2

I've configured Bash to save multiline history entries with embedded newlines.

shopt -s cmdhist lithist
export HISTTIMEFORMAT='%F %T '

When I exit the shell, my history is appended to ~/.bash_history with timestamps separating the entries, like:

#1501293767
foo() {
echo foo
}
#1501293785
ls

I experimented with setting HISTIGNORE to filter out some commands,

HISTIGNORE='ls[ ]*:man[ ]*:cat[ ]*'

but quickly realized I prefer to include everything in the current session's (in memory) history, I just want to filter what gets written to disk for future sessions.

I'd like to leverage ~/.bash_logout to do this filtering (I've been looking at these answers to a couple related questions).

The multiline entries make filtering a little complicated. I need to identify entries where the first line following the timestamp matches one of the ignorable patterns, and exclude the entire entry, including the timestamp.

I've come up with a way to do this with awk, but my awk skills are not great, so I wonder if there's a better way?

filter_history() {
  tmpfile=$(mktemp)
  history -w $tmpfile

  awk '/^#[[:digit:]]{10}$/  { timestamp=$0; ignore=0; next }
       length(timestamp) > 0 && /^(ls|man|cat)([^[:alnum:]]|$)/ { timestamp=""; ignore=1 ; next }
       length(timestamp) > 0 { print timestamp; timestamp=""; print; next }
       ignore == 0           { print }' \
      $tmpfile >> $HISTFILE && rm $tmpfile
}

Edit: Actually, I can't think of a case where I'd want to filter out a multi-line entry. Even if it starts with ls, for instance, if it span multiple lines it's probably doing something interesting, and worth remembering.

  • .bash_logout is only executed in a login shell, it isn't useful here. Run this code from an exit trap instead (trap filter_history EXIT). – Gilles Jul 29 '17 at 12:52
  • Oh good point. I overlooked that because I'm on macOS, where the convention seems to be to use login shells for all interactive sessions. – ivan Jul 29 '17 at 13:22
  • @Gilles It seems that trapping EXIT causes my filter to run too late, i.e. after the history has already been written to disk. I could adjust my script to filter the entire contents of HISTFILE after the fact, but it seems smarter to filter incrementally, i.e. just the contents I want appended to the existing file. Maybe I should trap SIGHUP and unset HISTFILE after manually appending to it? – ivan Jul 29 '17 at 16:16
  • Ah, sorry, I didn't know that an EXIT trap would run after writing the history. If you're doing complex stuff, you may want to switch to zsh, which is generally more flexible. – Gilles Jul 31 '17 at 0:44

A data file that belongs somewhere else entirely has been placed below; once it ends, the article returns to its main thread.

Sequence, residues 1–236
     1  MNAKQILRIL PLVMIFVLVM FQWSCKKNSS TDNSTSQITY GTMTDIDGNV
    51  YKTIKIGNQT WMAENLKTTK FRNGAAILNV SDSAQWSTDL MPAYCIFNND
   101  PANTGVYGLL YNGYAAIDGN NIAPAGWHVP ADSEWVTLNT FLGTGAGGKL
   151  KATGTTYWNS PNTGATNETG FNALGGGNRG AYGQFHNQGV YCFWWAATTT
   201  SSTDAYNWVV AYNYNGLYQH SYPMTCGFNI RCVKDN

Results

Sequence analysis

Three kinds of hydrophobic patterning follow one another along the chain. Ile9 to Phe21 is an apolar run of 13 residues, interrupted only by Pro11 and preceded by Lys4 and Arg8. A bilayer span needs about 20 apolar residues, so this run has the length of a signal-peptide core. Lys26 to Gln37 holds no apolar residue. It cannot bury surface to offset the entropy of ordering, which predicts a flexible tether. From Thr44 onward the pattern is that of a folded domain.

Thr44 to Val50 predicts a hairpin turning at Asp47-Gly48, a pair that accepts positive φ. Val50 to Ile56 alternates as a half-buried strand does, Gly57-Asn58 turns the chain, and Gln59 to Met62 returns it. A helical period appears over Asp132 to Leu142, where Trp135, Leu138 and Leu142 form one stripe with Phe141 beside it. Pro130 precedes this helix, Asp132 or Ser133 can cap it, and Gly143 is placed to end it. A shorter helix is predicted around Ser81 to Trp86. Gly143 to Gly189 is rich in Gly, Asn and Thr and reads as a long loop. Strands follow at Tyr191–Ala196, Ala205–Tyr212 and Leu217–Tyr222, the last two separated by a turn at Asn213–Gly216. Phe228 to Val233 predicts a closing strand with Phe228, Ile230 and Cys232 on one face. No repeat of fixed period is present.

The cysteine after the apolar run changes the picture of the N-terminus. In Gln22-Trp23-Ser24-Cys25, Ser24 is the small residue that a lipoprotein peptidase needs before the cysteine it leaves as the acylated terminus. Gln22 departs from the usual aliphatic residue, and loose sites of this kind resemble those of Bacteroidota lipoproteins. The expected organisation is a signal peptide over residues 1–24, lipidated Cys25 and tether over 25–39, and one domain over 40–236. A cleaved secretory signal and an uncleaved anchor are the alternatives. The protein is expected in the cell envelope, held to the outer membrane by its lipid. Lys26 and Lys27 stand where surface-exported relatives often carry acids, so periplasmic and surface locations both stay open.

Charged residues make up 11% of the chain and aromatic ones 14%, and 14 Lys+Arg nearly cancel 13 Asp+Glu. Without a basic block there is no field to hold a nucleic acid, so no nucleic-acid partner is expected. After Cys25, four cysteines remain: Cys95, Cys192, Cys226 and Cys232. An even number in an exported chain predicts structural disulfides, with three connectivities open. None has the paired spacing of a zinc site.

1

The requirement to keep multi-line entries even if the first line matches an "ignore" pattern added some complexity. I ended up writing a finite-state machine in Awk to filter HISTFILE after it was written to disk (I couldn't find a way to trigger filtering before it had already been written).

~/.bashrc:

# if shell is interactive, filter history upon exit
if [[ $- == *i* ]]; then
  trap '$HOME/.bash_history_filter >/dev/null 2>&1 &' EXIT
fi

~/.bash_history_filter:

tmpfile=$(mktemp)
trap 'rm -f "$tmpfile"' EXIT

filter_script="$HOME/.bash_history_filter.awk"
persisted_history="${HISTFILE:-$HOME/.bash_history}"

if [[ -r "$filter_script" && -r "$persisted_history" ]]; then
  awk -f "$filter_script" "$persisted_history" > "$tmpfile"

  mv "$tmpfile" "$persisted_history"
fi

Finite-state machine

~/.bash_history_filter.awk:

/^#[[:digit:]]{10}$/ {
  timestamp = $0
  histentry = ""
  next
}
$1 ~ /^(ls?|man|cat)$/ {
  if (! timestamp) {
    print
  } else {
    histentry = $0
  }
  next
}
timestamp {
  print timestamp
  timestamp = ""
}
histentry {
  print histentry
  histentry = ""
}
{ print }

A couple related posts (here and here) lead me to suspect this could also be done using sed. I haven't figured that out yet, but I'd be curious to see how it compares.

0

for the completness , here is how i deal with bash history! (filter & backup)

however you filter or not the HISTFILE isn't enouth for someone who cares about his history, also having a big HISTFILE isn't recommanded , so sure someday you will need to keep your history somewhere else!

function shellHist () #find old hist
{ 
    if [[ -f ${HISTFILE}.${1} ]]; then
        cat ${HISTFILE}.${1};
    else
        grep -h "${@:-.}" ${HISTFILE}.*;
    fi
}
function shellHistBackup () 
{ 
    [[ -n ${HISTFILE} ]] || return;
    # pidKill0 && return; # do nothing if the job is actually running elsewhere
    {
    while read histLine; do
        if ! grep -q "^${histLine}$" ${HISTFILE}.${histLine%% *} 2> /dev/null; then
            echo "${histLine}" >> ${HISTFILE}.${histLine%% *};
        fi;
    done < ${HISTFILE}
    for fltr in ls cat any ; do
        rm ${HISTFILE}.${fltr}
    done
    } & # pidLog # related to pidKill0
}

i include shellHistBackup in "trap shellExit EXIT"

i hope this will be useful for somebody!

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